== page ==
Shakuntala Gawadkar. In August 1997, this
45-year-old widow
was threatened by Sena shakha pramukh Rajendra
Godbole
that if she would not vacate her three-room flat
at Dadar within
15 days, he would "take some action". He offered
her Rs
1,000,000 for the flat, which has a market value
at least seven
times that amount.

Gawadkar registered a complaint against Godbole
at the Dadar
police station. "He was not arrested," she says.
"The police
even refused to call him to the police station."
Sadly, Gawadkar
had to vacate the flat and move to Mira Road,
about 50
kilometres away.

Or take the case of Kusumkunj, a building in
suburban Matunga,
whose tenants were allegedly forced out by a
builder to make
room for a palatial flat for Balasaheb's son
Uddhav Thackeray.

"Even Balasaheb did not listen to us. We
couldn't
do anything.
We had no choice but to leave. We can't believe
this is
happening in Dadar and Matunga, the areas in
which the Sena
was born and nurtured. All the families have
some
members in
the Sena. If they can do this to us, their own
supporters, what
must they be doing to people who are critical of
them?" says
Sushobha Dhavle, whose 23-year-old son quit the
Sena after
the Kusumkunj incident.

Uddhav says these allegations are the Opposition
parties'
campaign to defame the Thackeray family. "No one
was forced
out of homes. We paid people money according to
the market
rates. No force was used."

According to the Sena's critics, the party is
still behaving as if it
is in the Opposition. "They haven't realised the
perils of power,"
points out Chhaggan Bhujbal, ex-Sainik and the
leader of the
Congress in Maharashtra's Vidhan Sabha. "The
only
thing that
they are using power for is to do what they know
best: extortion."

Both Bhujbal and Deshpande give instances of the
way Sena
extorts money. Even if it is a small sum like Rs
500. "Go to any
Sena MLA for a letter for, say, your kid's
admission to a local
school, and you will be charged money for it.
There is nothing
that the Shiv Sainiks will not do for a little
bit of money," alleges
Bhujbal.

The Sena, and the government it runs in
partnership with the
Bharatiya Janata Party, has managed to acquire
an
image of
being commercially manageable. "Yeh log kaam bhi
nahi
karte, aur loot-te bhi hain," claims Sushil
Wahadne, a former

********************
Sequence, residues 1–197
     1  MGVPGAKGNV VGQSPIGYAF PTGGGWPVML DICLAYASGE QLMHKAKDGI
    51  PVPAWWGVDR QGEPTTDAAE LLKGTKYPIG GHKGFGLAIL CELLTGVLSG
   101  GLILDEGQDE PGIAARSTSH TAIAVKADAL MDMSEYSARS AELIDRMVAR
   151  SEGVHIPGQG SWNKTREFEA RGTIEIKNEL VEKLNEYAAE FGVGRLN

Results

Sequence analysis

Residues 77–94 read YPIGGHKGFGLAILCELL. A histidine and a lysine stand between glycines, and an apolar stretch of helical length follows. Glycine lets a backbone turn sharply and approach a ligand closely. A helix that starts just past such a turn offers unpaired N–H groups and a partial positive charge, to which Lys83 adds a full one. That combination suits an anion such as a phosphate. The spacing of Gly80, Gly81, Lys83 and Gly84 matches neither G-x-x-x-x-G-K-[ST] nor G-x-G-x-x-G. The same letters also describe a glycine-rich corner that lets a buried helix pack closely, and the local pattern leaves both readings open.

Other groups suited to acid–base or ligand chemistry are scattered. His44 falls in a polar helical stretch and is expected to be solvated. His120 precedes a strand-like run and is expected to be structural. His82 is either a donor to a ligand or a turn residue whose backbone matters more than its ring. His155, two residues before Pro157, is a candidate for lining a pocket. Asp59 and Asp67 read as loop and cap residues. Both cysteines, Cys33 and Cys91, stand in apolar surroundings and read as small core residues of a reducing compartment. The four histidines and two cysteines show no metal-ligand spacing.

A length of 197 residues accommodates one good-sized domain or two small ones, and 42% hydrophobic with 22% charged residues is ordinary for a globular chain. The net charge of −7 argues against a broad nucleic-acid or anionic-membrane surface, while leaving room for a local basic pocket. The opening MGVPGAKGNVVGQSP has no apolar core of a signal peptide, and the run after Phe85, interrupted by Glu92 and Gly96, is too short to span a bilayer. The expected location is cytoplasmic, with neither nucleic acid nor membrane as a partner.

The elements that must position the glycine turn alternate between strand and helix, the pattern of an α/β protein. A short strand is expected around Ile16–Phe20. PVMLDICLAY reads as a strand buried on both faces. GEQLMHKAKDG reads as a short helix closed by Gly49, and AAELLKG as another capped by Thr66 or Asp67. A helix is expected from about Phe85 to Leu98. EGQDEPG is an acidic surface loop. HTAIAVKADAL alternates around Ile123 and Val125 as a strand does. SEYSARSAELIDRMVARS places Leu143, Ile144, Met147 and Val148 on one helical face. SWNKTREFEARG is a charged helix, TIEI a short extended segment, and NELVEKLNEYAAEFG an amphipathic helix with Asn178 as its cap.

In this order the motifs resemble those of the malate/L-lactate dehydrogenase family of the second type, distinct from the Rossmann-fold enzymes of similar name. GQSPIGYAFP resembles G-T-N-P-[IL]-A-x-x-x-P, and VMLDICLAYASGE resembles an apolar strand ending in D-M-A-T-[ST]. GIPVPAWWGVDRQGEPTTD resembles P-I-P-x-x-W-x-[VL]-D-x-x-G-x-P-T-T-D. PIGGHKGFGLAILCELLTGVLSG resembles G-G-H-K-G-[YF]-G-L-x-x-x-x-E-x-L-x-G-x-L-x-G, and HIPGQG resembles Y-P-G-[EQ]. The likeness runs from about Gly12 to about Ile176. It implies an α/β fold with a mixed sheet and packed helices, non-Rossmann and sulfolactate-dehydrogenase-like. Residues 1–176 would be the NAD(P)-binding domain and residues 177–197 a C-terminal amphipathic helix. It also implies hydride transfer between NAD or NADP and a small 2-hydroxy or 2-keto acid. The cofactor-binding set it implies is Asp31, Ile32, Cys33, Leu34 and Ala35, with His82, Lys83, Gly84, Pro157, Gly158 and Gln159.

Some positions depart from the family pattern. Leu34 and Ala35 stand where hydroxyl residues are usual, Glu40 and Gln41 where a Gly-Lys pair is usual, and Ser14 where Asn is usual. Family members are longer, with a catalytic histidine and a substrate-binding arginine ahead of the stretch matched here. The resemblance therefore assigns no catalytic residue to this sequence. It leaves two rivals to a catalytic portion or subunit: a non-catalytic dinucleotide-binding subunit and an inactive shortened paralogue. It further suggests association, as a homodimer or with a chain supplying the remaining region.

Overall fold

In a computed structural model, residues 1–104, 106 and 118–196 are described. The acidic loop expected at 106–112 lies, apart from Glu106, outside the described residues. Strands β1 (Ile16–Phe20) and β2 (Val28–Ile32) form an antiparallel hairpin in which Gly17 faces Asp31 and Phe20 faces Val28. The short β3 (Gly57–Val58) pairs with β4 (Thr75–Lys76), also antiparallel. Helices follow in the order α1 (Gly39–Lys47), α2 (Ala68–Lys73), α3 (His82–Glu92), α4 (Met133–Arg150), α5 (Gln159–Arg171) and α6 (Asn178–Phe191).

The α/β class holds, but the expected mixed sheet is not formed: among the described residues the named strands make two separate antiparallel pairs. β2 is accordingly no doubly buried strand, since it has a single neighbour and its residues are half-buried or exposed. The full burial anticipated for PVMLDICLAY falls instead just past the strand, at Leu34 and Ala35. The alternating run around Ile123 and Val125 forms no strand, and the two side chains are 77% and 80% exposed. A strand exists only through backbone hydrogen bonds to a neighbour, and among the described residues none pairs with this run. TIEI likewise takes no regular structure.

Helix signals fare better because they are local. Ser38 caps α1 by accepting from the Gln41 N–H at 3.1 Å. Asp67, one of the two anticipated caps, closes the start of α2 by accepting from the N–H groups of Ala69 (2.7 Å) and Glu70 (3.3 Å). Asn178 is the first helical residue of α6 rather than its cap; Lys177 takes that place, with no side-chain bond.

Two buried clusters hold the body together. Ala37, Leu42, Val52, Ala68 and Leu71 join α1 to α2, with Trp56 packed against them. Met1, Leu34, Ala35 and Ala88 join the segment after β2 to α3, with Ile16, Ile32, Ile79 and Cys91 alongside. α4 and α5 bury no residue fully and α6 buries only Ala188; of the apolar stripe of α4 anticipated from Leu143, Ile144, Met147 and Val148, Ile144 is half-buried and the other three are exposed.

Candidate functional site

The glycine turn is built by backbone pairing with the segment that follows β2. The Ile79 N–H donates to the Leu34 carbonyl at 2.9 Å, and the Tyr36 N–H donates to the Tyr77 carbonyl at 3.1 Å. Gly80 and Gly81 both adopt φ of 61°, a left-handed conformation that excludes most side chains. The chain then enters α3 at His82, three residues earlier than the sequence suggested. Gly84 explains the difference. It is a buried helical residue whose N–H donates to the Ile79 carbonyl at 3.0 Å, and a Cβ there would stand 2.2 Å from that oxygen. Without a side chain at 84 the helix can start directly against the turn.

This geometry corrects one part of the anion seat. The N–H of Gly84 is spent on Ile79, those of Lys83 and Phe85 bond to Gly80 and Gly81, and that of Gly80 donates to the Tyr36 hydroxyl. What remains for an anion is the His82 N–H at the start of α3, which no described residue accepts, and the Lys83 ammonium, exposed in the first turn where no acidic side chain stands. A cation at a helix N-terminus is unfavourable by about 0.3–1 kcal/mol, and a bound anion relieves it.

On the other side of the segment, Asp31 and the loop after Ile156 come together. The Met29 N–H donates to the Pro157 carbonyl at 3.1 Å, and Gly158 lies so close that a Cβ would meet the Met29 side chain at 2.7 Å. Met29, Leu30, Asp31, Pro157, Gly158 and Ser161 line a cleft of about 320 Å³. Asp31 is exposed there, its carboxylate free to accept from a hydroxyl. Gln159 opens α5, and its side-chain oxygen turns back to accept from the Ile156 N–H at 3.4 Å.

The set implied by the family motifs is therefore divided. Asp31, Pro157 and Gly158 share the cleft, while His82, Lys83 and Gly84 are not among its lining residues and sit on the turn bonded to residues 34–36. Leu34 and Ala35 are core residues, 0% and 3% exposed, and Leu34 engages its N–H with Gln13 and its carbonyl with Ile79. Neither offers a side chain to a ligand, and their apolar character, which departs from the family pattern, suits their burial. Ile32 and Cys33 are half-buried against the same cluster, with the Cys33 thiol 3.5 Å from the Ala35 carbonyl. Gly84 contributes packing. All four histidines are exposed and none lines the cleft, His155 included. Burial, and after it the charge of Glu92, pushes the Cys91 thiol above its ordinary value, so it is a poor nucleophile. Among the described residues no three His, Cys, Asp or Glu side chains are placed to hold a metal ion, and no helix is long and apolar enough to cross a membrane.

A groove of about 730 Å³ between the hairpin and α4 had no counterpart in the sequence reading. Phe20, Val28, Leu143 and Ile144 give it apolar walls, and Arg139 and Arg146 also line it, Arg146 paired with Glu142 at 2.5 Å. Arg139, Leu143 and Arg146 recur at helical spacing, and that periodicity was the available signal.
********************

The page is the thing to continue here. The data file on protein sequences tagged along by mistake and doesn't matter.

Sainik. Wahadne left the Sena in April 1998,
after the Lok
Sabha elections. "They refused to accept any
responsibility for
the debacle. The kind of language Balasaheb used
against
Sonia Gandhi was disgusting. Will any decent man
talk like this
about a woman?"

Then there are the government failures: the
state
treasury is
more empty then full; industry and investor
confidence is at an all
time low; the Sena and the BJP are constantly at
war with each
other; the crime graph is zooming; the
administrative machinery
moves in slow motion; and the people in power
themselves
support acts of vandalism.

Says the state's Culture Minister and one of
Sena's founder
members Pramod Navalkar: "This has been a
learning
experience for us. We had no previous
experience.
We are
trying our best against all odds. There are
people who extort in
the name of the Sena. Why judge us so harshly?"

Hardcore Sainiks point out how the Sena is
losing
touch with the
'sons of the soil' and are regular fixtures in
Mumbai's cocktail
circuit. "They all carry mobile phones, the
younger generation
wear jeans, they have nice cars. And they all
feel that they no
longer need the ordinary Maharashtrian. How many
people has
the Shiv Udyog Sena got employment for?" says
Wahadne.

The Sena had promised 2,700,000 jobs by the year
2000.
Critics claim that the only two unemployed
youths
who got jobs
under the Sena regime are Balasaheb's son and
nephew,
Uddhav and Raj.

The proof of the Sena's falling popularity graph
is the failure of
the Saffron Week organised from 9 to 16 October
1998. The
celebration was aborted midway as the Sena
couldn't even
pack halls with a capacity of 300. The party
blamed the
unseasonal rains for the debacle. But it was a
humiliating
experience for a party which once drew crowds by
the millions,
rain or shine.

With additional reportage by PRACHI
BARI

Frenzied Shiv Sainiks ransack BCCI headquarters

Deccan Herald, Jan 18, 99


Mumbai: Vandal Shiv Sainiks ransacked the headquarters of the Board of Control for
Cricket in India located within the precints of the Brabourne Stadium at Churchgate on
Monday, the party's latest bid to stop the India-Pakistan test series from going ahead.

According to the police, about 50 Shiv Sena activists barged into the BCCI office